The Department of Education is cutting a program that helps children who do not speak French pick up the language so they can attend francophone schools.

More students are enrolling in francophone schools and some of those children are unable to speak French fluently when they arrive in class.

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Education Minister Jody Carr said a new system of teaching young students French will be more inclusive than the old system of using language monitors. (CBC)

School districts have been providing classes with language monitors to help improve their language skills.

Franck Roublin, the president of the parents committee at Sainte Bernadette school in Moncton, said 75 per cent of the kindergarten and Grade 1 students barely speak French.

Roublin said those children used to have a language monitor work with them in order to learn French quickly but that program is being ended.

"The minister of education is actually cutting a program that is definitely helping kids to master the French language," he said.

Education Minister Jody Carr said in an interview he has a better idea on how to teach these students.

Instead of language monitors, Carr said the provincial government is going to use teachers who would have been laid off because of declining enrolment levels.

'So, therefore, we have better quality, better-trained teachers and we're reaching more students in all of our schools.' — Education Minister Jody Carr

He said his initiative will be more inclusive and the instructors will work on all learning problems, such as reading, spelling and speaking.

"So, therefore, we have better quality, better-trained teachers and we're reaching more students in all of our schools," he said.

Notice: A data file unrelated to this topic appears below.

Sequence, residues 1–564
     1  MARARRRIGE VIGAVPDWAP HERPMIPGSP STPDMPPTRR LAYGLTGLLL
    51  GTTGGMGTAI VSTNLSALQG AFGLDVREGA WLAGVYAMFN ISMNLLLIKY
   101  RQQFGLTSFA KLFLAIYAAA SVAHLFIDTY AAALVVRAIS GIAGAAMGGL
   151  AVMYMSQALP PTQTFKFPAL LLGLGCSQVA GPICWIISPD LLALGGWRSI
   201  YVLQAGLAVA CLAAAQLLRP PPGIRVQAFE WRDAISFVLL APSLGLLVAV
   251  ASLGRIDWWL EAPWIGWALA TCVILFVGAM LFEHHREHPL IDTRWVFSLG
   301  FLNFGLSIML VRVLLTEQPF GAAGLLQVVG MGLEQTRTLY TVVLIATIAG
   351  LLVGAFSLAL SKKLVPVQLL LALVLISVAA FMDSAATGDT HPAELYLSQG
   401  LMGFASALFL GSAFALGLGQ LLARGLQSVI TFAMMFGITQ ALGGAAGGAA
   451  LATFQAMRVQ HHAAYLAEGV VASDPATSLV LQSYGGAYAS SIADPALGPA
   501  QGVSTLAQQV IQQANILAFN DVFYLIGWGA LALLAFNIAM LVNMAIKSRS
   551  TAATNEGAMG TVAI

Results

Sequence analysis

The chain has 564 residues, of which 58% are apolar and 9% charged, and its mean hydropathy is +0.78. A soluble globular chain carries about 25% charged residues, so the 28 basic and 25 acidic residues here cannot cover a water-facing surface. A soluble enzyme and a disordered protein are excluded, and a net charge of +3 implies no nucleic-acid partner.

There were 101,079 students enrolled in New Brunswick schools in 2012, 71,955 in the anglophone districts and 29,124 in the francophone districts.

That is a sharp decline from 2008, when there were 108,407 students with 77,288 in the anglophone districts and 31,119 in the francophone districts.

The Department of Education has a policy that outlines the schools where children can attend.

The rule says children can attend a school if they speak the language of that institution, both official languages or neither official language.

The only time a student can enrol in a school without meeting those guidelines is if they are considered an ayant droit.

Ayant droit refers to children who have one parent who was schooled in French and enjoys protection under the constitution's minority language education clause and another parent who does not speak French. The constitution grants those children the right to attend a French school even if they are not fluent.

Acadian Society concerns

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Jeanne d'Arc Gaudet, the president of the Acadian Society, said she is not convinced the new system will be as effective as the language monitors. (CBC)

The province’s Acadian Society is not sure if the Department of Education’s proposal to use laid-off teachers instead of language monitors is going to work.

Jeanne D'Arc Gaudet, the society’s president, said English-speaking children in the French system need to focus first on learning the language.

"Many of these kids they come into our schools they can't speak the language they don't even understand but we have an obligation to help them, " she said.

Gaudet said as more parents opt to put their children into the French system, the provincial government will have to make sure it can provide the proper education.

She said she will wait to see if the new plan works.

But Gaudet said the previous system of language monitors was successful in raising the language skills of children.